In the month since Kevyn Orr was appointed to oversee Detroit’s finances, the city seems to be taking a wait-and-see posture.
It had been more than a month since Michigan Gov. Rick Snyder named an emergency financial manager for Detroit, a move that prompted angry protests from activist groups complaining that the Republican governor of Michigan had trampled on democracy by making the appointment.
But since Snyder appointed Kevyn Orr, a man who will have nearly unlimited control over the fiscal affairs of Michigan’s largest city, Detroiters seem now to be cautiously resigned to the presence of an unelected official who will effectively run their city.
“I can’t say that people are thrilled about it, but they seem to be resigned to it,” said John Olumba, a member of the Michigan House of Representatives, in an interview with BET.com.
“To a large degree, people are unclear about what it means to have an emergency financial manager,” Olumba said. “So, they are trying to understand what it means and how it will affect their lives and living conditions in Detroit.”
What has added to the tempered response is the fact that Orr has remained largely in mode of analyzing various proposals to deal with the city’s $327 million budget deficit and to reduce its $14 billion in long-term debt. There have been few if any major decisions since he arrived on the job in March.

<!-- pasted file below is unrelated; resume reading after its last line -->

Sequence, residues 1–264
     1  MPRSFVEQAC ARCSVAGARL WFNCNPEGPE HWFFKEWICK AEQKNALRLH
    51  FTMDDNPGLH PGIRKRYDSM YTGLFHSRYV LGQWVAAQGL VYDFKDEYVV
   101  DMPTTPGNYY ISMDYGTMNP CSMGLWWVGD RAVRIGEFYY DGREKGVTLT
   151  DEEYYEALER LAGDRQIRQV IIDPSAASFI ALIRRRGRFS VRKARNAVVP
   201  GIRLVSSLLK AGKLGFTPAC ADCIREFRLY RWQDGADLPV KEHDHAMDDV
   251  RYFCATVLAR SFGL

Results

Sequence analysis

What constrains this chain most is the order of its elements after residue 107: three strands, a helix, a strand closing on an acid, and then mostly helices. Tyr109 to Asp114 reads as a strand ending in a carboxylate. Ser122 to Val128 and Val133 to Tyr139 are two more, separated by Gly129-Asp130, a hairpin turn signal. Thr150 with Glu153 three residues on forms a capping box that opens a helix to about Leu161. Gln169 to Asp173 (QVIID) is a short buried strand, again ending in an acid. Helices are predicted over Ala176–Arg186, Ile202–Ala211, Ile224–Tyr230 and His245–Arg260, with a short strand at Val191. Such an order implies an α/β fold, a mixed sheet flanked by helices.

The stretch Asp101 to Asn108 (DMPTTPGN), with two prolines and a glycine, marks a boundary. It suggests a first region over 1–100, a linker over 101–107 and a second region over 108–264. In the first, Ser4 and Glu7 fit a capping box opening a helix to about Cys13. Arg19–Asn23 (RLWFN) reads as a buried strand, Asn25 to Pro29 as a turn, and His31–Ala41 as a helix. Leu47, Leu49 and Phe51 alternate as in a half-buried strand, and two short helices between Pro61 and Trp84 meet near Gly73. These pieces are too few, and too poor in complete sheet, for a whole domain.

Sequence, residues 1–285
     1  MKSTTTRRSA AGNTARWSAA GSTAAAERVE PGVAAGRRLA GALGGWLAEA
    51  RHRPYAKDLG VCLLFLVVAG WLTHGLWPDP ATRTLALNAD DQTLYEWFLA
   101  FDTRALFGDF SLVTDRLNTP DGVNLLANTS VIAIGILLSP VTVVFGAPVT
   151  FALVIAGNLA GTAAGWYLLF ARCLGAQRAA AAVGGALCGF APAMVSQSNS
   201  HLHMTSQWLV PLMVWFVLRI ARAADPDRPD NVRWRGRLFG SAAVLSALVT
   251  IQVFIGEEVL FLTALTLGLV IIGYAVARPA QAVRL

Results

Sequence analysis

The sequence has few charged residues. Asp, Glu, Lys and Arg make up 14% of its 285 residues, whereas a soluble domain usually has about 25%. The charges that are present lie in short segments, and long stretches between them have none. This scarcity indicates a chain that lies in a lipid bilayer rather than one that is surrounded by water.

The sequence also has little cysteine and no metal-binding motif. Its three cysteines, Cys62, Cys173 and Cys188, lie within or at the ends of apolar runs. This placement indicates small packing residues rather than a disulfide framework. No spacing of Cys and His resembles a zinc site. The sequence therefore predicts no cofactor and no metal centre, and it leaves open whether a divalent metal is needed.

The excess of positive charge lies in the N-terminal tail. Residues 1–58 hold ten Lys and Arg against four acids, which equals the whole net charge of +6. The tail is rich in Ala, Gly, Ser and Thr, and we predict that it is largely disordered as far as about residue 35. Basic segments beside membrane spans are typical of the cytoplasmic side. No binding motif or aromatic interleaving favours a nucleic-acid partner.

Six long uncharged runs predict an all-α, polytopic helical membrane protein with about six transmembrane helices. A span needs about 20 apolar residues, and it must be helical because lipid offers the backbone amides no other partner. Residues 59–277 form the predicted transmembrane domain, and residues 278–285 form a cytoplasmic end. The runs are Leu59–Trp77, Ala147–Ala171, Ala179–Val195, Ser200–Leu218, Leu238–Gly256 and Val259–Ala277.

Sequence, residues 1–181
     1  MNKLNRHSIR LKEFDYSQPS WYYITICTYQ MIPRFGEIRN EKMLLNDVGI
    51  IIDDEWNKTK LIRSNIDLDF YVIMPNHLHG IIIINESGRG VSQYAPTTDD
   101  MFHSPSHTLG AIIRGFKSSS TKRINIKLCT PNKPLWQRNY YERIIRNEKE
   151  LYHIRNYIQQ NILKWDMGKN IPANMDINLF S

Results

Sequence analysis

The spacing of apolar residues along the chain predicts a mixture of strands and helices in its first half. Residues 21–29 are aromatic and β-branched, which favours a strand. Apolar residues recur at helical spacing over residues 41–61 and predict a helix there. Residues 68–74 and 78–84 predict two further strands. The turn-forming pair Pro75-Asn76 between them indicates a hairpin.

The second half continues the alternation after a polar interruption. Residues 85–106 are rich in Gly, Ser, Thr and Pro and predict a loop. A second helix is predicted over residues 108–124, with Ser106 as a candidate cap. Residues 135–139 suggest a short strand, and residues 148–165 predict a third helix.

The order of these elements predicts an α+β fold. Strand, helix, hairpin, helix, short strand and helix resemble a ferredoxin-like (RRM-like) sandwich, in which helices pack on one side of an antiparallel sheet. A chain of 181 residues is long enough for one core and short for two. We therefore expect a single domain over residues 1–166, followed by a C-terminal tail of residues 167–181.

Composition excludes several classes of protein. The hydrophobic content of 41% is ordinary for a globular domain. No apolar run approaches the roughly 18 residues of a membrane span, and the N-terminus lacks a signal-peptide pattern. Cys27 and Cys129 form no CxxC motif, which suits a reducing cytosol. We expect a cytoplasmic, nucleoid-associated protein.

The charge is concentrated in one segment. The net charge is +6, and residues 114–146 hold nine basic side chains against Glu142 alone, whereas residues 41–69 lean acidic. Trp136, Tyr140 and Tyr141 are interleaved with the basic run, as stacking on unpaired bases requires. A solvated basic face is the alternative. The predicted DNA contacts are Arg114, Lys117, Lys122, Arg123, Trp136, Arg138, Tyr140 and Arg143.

“In his first 30 days in office, he hasn’t really done much and, the truth is, he hasn’t made any major decisions,” said Maurice G. Morton, the chief executive of the Detroit Academy of Arts and Sciences, in an interview with BET.com.
“Initially, there were lots of people in Detroit who didn’t support the idea of an emergency financial manager being appointed,” Morton said. “But I feel that reaction has died down. People are in a wait and see mode. We’ll see how they react after some time passes.”
Within hours of Orr’s appointment, Detroit community activists began their protest, including a slowdown of traffic along the major highways within the city. Leaders of the Rainbow Push Coalition and the local chapter of the NAACP complained that the naming of an emergency financial manager for Detroit represented a major disenfranchisement of the rights of citizens to be governed by those whom they elect.
Orr, an attorney in the Washington office of the prestigious law firm of Jones Day, has not offered specifics about how he plans to manage the city’s finances. Under Michigan law, he has the ability to alter contracts with the city’s labor unions. However, he has so far declined to say what sorts of concessions, if any, he might seek from labor unions.
In an interview with the Detroit Free Press, Orr said only: “I’m going to try to do this in a cooperative way with people.”
Orr said he had sent a letter to the city’s public safety unions to let them know that the city no longer had the obligation to engage in collective bargaining because of Detroit essentially being in receivership.
But he added that the letter “was meant to be a statement of fact. It wasn’t meant to be any form or expression of hostility toward the work rules and issues, particularly police and fire and EMS — let’s just be honest about that.”
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(Photo: REUTERS/ Rebecca Cook)